OECD Home › Regional, rural and urban development › By Country › United States
This study aims to assess the degree of institutional fragmentation of transport and land use planning in Chicago. It provides an overview of local governments in metropolitan Chicago and mechanisms for coordination. Five main challenges are identified.
Cities can generate growth and jobs while becoming greener – this is the message of the OECD’s new Green Growth in Cities report. Drawing on case studies of Paris, Chicago, Kitakyushu and Stockholm, the report identifies green policies that can respond to urban growth priorities and suggests how to implement and finance them.
Chicago is at a tipping point: despite economic strengths, it faces considerable challenges to compete in the “Premier League” of world-class cities, warns the OECD Secretary-General.
Chicago is at a tipping point: despite economic strengths, it faces considerable challenges to compete in the “Premier League” of world-class cities, warns the OECD’s review of the Chicago Tri-State Metropolitan Region.
Tackling the economic crisis, implementing structural reforms, generating jobs, mitigating climate change and reversing inequality are huge challenges that we can overcome if we work together, said OECD Secretary-General.
This review, the first of its kind conducted by the OECD in the United States, assesses the region’s capacity to contribute effectively to regional and national economic performance and quality of life.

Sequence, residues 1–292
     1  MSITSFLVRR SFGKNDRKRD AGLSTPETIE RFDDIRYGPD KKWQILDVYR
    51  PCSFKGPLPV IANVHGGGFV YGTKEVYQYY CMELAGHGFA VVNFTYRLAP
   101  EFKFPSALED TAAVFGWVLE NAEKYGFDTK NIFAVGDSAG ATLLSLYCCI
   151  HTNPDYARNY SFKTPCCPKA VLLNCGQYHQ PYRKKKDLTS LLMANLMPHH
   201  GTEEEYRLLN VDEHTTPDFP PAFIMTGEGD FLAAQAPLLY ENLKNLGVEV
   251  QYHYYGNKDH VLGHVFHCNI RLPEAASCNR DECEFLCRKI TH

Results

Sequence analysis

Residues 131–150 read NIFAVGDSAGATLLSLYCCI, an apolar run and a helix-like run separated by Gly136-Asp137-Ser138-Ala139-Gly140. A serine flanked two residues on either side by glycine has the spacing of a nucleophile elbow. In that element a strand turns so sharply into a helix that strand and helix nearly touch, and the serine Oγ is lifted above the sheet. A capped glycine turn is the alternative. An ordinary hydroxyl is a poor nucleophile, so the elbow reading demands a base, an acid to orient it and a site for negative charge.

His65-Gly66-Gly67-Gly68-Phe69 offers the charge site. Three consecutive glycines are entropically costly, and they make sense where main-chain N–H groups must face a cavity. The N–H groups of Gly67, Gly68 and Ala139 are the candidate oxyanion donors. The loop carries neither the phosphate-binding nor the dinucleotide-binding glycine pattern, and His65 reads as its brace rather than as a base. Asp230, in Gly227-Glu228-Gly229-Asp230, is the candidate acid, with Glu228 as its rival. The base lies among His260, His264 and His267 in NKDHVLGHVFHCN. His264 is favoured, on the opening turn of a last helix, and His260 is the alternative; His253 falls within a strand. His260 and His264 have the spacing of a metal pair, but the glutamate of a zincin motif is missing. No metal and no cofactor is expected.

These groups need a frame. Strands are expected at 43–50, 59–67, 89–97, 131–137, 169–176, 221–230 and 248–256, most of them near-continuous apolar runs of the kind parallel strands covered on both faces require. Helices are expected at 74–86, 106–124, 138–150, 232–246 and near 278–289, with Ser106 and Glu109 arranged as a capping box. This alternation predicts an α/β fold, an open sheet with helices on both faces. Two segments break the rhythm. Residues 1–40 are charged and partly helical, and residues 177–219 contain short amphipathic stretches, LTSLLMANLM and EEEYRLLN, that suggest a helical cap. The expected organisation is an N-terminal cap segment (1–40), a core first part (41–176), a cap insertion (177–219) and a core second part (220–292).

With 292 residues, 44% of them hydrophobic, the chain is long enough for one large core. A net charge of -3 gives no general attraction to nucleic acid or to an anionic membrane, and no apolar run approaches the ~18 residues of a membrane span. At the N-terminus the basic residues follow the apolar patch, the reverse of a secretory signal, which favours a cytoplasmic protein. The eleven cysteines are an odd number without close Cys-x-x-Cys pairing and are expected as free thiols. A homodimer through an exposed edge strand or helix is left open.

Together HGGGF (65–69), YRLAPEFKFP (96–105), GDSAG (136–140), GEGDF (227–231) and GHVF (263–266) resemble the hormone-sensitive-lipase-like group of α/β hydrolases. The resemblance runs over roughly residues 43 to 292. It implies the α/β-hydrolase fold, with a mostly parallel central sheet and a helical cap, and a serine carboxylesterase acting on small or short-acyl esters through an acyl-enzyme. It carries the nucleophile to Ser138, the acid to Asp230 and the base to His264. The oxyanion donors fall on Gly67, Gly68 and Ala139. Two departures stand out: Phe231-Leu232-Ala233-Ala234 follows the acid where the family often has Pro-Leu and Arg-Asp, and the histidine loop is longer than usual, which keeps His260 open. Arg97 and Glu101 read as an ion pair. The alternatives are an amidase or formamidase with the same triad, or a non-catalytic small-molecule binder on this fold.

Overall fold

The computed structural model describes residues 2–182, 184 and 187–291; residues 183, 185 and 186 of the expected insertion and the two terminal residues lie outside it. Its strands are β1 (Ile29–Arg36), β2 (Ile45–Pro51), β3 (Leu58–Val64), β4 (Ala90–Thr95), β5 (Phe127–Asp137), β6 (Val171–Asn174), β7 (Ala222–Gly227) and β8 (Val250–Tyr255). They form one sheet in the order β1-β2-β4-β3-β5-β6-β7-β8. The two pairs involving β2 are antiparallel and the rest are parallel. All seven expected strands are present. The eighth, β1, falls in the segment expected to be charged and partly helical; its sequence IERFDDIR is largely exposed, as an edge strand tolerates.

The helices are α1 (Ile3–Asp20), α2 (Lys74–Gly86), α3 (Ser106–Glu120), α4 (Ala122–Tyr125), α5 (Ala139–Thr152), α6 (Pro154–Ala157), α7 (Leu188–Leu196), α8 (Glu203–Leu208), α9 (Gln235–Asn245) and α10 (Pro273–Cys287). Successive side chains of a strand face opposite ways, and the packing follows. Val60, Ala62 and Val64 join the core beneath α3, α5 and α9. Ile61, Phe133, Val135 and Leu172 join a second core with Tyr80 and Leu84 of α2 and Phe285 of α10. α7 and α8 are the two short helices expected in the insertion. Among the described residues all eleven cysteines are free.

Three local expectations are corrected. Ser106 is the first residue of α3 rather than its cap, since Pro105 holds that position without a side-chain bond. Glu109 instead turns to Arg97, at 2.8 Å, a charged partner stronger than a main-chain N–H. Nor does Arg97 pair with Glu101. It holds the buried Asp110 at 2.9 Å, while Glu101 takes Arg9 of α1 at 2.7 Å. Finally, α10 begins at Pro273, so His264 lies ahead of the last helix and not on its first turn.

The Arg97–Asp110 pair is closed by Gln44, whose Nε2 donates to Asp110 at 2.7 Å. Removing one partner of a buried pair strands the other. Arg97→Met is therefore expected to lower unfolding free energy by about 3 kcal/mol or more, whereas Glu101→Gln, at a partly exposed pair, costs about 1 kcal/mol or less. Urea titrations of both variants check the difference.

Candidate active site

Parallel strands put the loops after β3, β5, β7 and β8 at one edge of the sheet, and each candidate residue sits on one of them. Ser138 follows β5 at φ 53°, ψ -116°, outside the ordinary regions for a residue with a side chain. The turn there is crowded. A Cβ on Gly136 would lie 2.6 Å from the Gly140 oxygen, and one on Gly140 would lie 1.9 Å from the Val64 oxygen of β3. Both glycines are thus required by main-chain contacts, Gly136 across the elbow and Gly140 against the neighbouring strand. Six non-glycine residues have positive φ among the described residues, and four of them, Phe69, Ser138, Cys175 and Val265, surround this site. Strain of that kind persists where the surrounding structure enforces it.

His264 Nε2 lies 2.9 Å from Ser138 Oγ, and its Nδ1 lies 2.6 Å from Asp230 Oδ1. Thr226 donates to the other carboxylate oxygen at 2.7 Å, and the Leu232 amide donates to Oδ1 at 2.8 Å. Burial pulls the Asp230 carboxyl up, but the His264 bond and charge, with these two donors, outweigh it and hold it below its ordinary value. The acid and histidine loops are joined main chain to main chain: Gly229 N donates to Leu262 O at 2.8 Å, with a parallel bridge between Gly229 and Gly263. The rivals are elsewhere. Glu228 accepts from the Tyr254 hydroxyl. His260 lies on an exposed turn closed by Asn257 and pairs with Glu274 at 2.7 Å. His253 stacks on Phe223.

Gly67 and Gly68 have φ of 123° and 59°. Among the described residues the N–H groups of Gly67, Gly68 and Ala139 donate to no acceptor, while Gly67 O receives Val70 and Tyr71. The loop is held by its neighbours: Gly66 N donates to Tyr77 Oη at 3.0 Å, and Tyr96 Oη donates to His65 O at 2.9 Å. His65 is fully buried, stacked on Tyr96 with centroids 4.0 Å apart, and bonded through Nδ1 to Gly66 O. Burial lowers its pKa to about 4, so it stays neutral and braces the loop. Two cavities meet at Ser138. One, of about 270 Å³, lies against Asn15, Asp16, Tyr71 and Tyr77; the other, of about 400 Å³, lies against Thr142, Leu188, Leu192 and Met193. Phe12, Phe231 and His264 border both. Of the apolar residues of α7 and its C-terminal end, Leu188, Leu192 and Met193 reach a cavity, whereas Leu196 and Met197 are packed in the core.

Green and Growth can go together, provided that the appropriate framework and the right economic and regulatory incentives are in place to encourage sustainable use of our resources and the environment, said Angel Gurría.
This report examines the relationship between SMEs' management of intellectual assets, innovation and competitiveness.
This LEED Forum on Partnerships and Local Governance thematic brochure reviews the experience of partnerships in different countries in addressing the implications of climate change and creating employment at local level.
Policy silos and fragmented short-term policy interventions have become luxuries that our economies can no longer afford. This book provides concrete advice to policy makers at both national and local levels on how to better align policies, reduce duplication and waste, and “do more with less”.&